Foster Update - March 12, 2020
Almost ten weeks into foster care, Brinkley has made great progress on her weight reduction. At 20.5 lb (9.3 kg), she is now a good candidate for her medial canthoplasty surgery which was scheduled for April 7th but was postponed due to COVID19.
Unfortunately, she has developed another infection in her wonky left outside toe where the toenail rubs on it. The vet has determined the best course of action is to amputate that misplaced toe at the same time as her eye surgery. The amputation will be quick to heal and will not affect her gait. Having gone through a similar amputation with another of our dogs, I agree this is a good plan. Today she is starting another course of antibiotics which will continue until her surgery date.
Brinkley’s true personality is shining through. She’s strong-willed but easy to get along with. She gets quite jealous when the resident dogs cozy up to her foster mom and pushes them out of the way. Sometimes this escalates into play fighting but there is no nasty in her. Oddly enough, she’s not much of a cuddler, and once she’s had a quick hug, is anxious to get back on the ground where she stays close to her people and toys. She continues to be clean in the house and a good sleeper in Big Bed.
Foster Update - February 28, 2020
Brinkley continues to be a delight. She seems to be constantly happy, always eager to have belly rubs and playtime. When not enthusiastically playing with our resident chihuahua mix or by herself with toys, she plops herself down by my side in whichever room I'm in. She sleeps well in the Big Bed with foster mom and the other dogs and is learning that bedtime is for sleeping, not playing. She still pants heavily, particularly when excited, but the volume and amount has decreased substantially and I am less concerned now that the vet has confirmed her heart is strong. She continues to be clean in the house.
In late January we noticed her limping and lifting her left paw. She had previously done this once in a while on short walks but we attributed it to the fact that she was tired and/or was feeling the cold. However, when we noticed the limp continued indoors and her outer toe became swollen and clearly painful, we took her to the vet on January 31 who put her on Metacam (anti-inflammatory and pain med) and an antibiotic (for the infection). On February 2 we soaked her foot in warm water and pus immediately came out. A couple of hours later we soaked her foot again and out came some black exudate which may have signalled a strep or staph infection or yeast. It left quite a hole in her paw! The swelling has largely gone down since then. Today, February 6th, we went back to the vet for a recheck and distemper/parvo vaccination. The paw is much better but since she occasionally licks it, especially at night, she has been given another week of antibiotics and we need to stop her licking in order for it to scab over and heal completely.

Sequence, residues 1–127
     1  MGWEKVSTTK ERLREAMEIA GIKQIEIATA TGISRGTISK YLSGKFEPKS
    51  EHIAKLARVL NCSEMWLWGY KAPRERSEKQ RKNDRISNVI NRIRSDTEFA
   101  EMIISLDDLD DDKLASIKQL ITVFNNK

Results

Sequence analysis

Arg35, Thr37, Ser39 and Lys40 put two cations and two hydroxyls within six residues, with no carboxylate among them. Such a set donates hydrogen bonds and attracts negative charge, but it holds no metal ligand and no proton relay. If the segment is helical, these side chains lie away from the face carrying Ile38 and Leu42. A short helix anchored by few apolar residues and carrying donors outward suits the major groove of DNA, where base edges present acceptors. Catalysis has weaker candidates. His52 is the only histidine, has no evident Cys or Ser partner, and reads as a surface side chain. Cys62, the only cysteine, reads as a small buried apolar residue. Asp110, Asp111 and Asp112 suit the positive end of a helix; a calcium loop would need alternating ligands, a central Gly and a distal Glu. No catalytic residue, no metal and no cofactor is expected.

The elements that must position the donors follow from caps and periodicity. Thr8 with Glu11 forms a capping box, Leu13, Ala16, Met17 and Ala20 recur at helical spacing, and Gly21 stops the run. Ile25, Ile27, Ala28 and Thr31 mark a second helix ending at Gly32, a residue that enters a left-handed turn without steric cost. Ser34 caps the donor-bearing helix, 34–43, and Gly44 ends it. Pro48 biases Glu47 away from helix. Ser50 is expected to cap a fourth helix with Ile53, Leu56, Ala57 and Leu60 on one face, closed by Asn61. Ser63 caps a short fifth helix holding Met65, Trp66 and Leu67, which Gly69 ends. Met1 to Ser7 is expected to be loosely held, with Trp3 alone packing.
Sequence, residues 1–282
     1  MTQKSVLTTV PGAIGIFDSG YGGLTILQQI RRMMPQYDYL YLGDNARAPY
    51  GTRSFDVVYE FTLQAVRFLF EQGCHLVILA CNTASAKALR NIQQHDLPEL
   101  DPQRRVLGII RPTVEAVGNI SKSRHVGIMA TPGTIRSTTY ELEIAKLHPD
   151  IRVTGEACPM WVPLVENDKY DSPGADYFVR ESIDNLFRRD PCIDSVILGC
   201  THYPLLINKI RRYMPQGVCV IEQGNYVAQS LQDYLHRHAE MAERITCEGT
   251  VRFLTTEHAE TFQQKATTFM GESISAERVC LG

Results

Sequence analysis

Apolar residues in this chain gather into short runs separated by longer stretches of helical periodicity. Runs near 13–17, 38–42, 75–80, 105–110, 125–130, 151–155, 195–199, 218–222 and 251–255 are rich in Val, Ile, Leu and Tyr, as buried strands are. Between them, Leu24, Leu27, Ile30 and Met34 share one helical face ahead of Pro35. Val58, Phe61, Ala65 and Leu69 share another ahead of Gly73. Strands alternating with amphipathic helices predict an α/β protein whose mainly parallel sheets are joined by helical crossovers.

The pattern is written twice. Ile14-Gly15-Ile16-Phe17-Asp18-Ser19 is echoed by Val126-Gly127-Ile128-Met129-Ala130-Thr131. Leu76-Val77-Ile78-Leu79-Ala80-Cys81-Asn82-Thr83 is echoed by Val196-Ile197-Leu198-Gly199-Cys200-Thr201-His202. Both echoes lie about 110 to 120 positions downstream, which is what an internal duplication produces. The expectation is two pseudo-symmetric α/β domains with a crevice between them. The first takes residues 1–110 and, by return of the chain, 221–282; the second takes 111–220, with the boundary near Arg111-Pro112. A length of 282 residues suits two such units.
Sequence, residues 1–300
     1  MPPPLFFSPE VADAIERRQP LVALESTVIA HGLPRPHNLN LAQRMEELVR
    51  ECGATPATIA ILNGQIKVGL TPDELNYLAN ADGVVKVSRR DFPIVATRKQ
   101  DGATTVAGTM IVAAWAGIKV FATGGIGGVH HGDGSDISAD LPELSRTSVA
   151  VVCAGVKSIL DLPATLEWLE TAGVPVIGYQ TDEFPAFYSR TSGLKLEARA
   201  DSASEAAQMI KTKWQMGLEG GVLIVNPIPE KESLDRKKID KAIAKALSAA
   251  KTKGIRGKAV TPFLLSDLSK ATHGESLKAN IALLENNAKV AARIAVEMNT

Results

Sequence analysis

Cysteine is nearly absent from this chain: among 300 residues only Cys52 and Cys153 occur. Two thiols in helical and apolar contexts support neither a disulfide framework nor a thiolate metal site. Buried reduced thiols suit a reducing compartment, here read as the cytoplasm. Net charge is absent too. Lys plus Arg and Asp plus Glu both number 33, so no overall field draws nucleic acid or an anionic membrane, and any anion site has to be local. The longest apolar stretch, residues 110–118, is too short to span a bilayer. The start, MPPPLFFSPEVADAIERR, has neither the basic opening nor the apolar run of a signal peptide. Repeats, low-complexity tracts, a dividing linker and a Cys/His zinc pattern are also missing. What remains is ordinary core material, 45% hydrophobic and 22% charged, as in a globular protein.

Obviously during the last week and a half, walkies have been out of the question so our efforts at weight loss (hers and mine!) have been hampered. Nevertheless, she is doing well. How well, I'm not sure as the scales have not been consistent but we estimate she has lost about 2 lbs and needs to lose at least 4 more. When gets close to her target weight, we'll schedule her eye surgery and dental.
In the meantime, we really enjoy her company.
Introduction - January 24, 2020
Meet lovely Brinkley who is a 7-year-old spayed female pug who came into rescue through no fault of her own. She is a happy, affectionate, and playful individual who gets on well with both people and the other dogs and loves to chew and squeak her toys. She has very good manners and does her business very efficiently, letting you know very firmly when she wants to come back inside the house. She is very content, including when crated (so the amorous boys don't bother her), and travels well in the car. In short, she is perfect.
Medically, however, she has a few issues. She came into rescue last weekend with a corneal ulcer which has now healed. The eye specialist attributed it to entropion, a condition not uncommon in pugs, where the eyelid/lashes roll inward and scratch the cornea. She will require medial canthoplasty where the opening of the eyes will be surgically made smaller to prevent this inward rolling. Brinkley also has a fair bit of pigmentary keratitis and an indication of dry eye (keratoconjunctivitis sicca), both common problems in pug eyes. She has been prescribed Tacrolimus drops (twice daily) which she will need for life and which should help with the dry eye and slow the progression of the PK.
Brinkley's previous diagnosis of luxating patellas ("trick knees"), a condition where the kneecap dislocates and moves out of the joint, was confirmed. Her condition is not severe in either leg and no action is required.
At her first vet appointment, Brinkley had a rabies shot and a complete checkup. She will need a distemper/parvovirus vaccination in a few weeks. Her blood results came back normal and she tested negative for Lyme disease, heartworm, ehrlichia, anaplasma and fecal parasites. Unfortunately her urinalysis showed up some struvites crystals and an elevated pH so we will be working on increasing the acidity of her urine in the next few days. There is some tartar on her teeth so a dental cleaning is in her future. Unfortunately at her present weight, Brinkley is not a good candidate for her needed eye and dental surgery so we will be working to get some weight off. Weight loss will also ease her breathing and reduce the strain on her knees.
Brinkley will be in foster care for quite some time to accomplish all these objectives but will eventually make a lovely addition to someone's family. In the meantime we are delighted she is staying with us.